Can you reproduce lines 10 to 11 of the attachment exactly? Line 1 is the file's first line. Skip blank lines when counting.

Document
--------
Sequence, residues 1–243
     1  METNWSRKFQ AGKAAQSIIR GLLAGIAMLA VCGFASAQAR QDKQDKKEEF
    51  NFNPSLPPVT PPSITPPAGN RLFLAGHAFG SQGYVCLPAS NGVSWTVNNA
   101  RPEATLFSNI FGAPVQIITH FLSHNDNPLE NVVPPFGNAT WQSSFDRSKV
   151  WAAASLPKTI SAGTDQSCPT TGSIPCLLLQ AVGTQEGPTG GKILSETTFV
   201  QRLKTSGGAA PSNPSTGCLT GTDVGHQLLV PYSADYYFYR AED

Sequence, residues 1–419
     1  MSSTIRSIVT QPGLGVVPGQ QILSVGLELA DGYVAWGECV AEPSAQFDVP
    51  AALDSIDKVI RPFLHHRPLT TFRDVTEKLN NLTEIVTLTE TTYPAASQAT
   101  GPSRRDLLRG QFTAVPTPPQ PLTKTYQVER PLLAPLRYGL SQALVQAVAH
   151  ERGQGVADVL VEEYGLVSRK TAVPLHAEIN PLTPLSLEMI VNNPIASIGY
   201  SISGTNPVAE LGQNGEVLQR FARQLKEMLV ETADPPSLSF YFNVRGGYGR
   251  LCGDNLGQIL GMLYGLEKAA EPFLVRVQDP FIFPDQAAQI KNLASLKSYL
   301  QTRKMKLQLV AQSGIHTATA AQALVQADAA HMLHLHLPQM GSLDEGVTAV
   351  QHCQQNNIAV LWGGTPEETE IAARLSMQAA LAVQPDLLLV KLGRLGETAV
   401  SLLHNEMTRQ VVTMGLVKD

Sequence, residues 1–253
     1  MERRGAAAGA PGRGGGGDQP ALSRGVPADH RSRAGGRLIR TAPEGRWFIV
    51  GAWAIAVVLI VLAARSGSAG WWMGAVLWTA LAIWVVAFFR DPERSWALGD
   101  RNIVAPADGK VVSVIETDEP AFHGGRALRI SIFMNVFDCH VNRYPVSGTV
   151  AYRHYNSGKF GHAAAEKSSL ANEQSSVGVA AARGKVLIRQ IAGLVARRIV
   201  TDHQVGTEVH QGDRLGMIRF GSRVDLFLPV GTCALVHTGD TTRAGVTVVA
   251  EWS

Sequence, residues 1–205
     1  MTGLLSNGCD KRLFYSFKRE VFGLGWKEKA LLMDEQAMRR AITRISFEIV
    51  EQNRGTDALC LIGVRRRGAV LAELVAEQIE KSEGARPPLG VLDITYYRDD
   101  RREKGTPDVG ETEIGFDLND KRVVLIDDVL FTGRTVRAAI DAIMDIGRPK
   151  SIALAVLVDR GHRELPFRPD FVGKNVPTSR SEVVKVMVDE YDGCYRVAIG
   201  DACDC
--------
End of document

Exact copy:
   101  GPSRRDLLRG QFTAVPTPPQ PLTKTYQVER PLLAPLRYGL SQALVQAVAH
   151  ERGQGVADVL VEEYGLVSRK TAVPLHAEIN PLTPLSLEMI VNNPIASIGY